December 04, 2017
The holiday season brings cheer and an increase in online shopping activity – and with that comes an increase in fraudulent activity from scammers, malware campaigns and identity thieves. Don’t let this put a damper on your holiday but rather arm yourself with the knowledge and tools needed to recognize, avoid and report these attempts so that you are not a victim.
Be vigilant when browsing or shopping online this holiday season. Watch out for:
- E-cards from unknown senders may contain malicious links.
- Fake advertisements or shipping notifications may deliver infected attachments.
- Spoofed email messages and fraudulent posts on social networking sites may request support for phony causes.
- Unexpected emails from recognized brands like Target, Costco, Home Depot, Walmart or Apple about a recent in-store or online order. The email will look real and have a reasonable subject like “Acknowledgement of Order”, “Thank you for your order”, “Order Confirmation” or “Order Status”. It may then offer a follow-up by clicking on a link.
To avoid seasonal campaigns that could result in security breaches, identity theft, or financial loss, users are encouraged to take the following actions:
- Avoid following unsolicited links or downloading attachments from unknown sources.
- Don’t carry credit cards you won’t be using
- Shop at online site you can trust:
- Make sure the website address starts with “https”; the “s” stands for secure.
- Look for the padlock icon at the bottom of your browser, which indicates that the site uses encryption.
- Type new website URLs directly into the address bar instead of clicking on links or cutting and pasting from the email.
- Don’t reveal personally identifiable information such as your bank account number, Social Security number, or date of birth to unknown sources.
- Check your account statements regularly. Review your banking, credit card, or payment service statements regularly to ensure there are no unauthorized charges or withdrawals.
- Monitor Your Credit.
- Make sure you check your mailbox often to prevent packages from being stolen or your sensitive information from being pilfered from the mailbox on your curb.
- Avoid accessing your personal or bank accounts from a public computer or public Wi-Fi network, such as the public library. Not only can cybercriminals potentially gain access to your accounts through public Wi-Fi, but strangers can easily shoulder surf and see the sensitive information on your computer or mobile device screen.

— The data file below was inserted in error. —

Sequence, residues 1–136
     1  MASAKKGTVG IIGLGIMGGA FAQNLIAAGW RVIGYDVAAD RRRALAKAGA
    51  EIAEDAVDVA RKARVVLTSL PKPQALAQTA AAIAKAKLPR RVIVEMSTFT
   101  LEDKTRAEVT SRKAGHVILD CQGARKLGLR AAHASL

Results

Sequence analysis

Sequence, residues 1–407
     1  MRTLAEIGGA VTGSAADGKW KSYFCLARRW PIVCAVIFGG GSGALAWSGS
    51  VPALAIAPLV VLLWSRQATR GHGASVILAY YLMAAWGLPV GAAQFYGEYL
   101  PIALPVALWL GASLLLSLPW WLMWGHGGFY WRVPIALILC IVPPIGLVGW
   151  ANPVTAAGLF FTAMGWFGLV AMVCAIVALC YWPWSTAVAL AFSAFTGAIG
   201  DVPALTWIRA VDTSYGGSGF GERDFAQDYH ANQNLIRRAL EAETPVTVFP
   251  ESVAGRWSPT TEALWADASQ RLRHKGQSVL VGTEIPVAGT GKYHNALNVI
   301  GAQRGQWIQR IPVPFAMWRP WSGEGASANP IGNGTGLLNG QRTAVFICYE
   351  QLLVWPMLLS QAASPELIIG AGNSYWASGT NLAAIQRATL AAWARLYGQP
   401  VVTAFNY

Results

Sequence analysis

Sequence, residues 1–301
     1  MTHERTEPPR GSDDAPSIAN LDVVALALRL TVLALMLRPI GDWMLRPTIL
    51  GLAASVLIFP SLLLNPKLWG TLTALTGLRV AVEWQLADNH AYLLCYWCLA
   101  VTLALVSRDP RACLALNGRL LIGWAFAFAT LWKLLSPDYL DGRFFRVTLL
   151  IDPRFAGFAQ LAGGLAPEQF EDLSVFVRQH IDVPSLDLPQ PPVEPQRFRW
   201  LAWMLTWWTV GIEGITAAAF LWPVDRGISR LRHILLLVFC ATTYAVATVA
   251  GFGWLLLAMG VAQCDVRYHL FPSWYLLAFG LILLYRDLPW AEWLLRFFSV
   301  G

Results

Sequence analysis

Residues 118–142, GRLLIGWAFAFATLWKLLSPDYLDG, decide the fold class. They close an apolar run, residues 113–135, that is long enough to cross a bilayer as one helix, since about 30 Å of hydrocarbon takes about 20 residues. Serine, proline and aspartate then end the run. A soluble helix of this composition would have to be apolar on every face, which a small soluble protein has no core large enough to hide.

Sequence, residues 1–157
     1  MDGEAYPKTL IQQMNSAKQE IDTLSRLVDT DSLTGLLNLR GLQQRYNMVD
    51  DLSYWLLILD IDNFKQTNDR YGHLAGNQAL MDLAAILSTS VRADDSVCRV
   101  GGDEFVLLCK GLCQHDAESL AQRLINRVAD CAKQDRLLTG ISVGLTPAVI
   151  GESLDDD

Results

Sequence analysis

- Get Real-Time Purchase Alerts
- Make strong and complex passwords.
- Create a password with 8 characters or more and a combination of upper and lowercase letters, numbers, and symbols.
- Use unique passwords. Use different passwords for different programs, accounts, and devices. By having multiple passwords, even if attackers do get one of your passwords the rest of your accounts are not compromised.
- Consider using two email addresses – one for family and friends and another for online shopping and bills makes unusual emails stands out if you receive a request for order confirmation in the mail queue used for family.
- Review social media permissions. If a payment service is linked to your social media account, your payment or purchase history could accidentally be shared with your larger network. The more you post about yourself, the easier it might be for someone to use the information you post to access your accounts, steal your identity, and more. Be sure to review and understand those privacy permissions and settings.
If you believe you are a victim of a holiday phishing scam or malware campaign, consider the following actions:
- File a complaint with the FBI's Internet Crime Complaint Center (IC3).
- Report the attack to the police and file a report with the Federal Trade Commission.
- Contact your financial institution immediately and close any accounts that may have been compromised. Watch for any unexplainable charges to your account.
- Immediately change any passwords you might have revealed and do not use that password in the future. Avoid reusing passwords on multiple sites.
Sources of additional info:
- Refer to our security Tips to learn more about Shopping Safely Online and Avoiding Social Engineering and Phishing Attacks.
- Read the Federal Trade Commission's blog on Don’t let scammers take away your holiday cheer.
- Visit the Federal Trade Commission's Consumer Information page on Charity Scams.
Have a happy and safe holiday season from PenFed!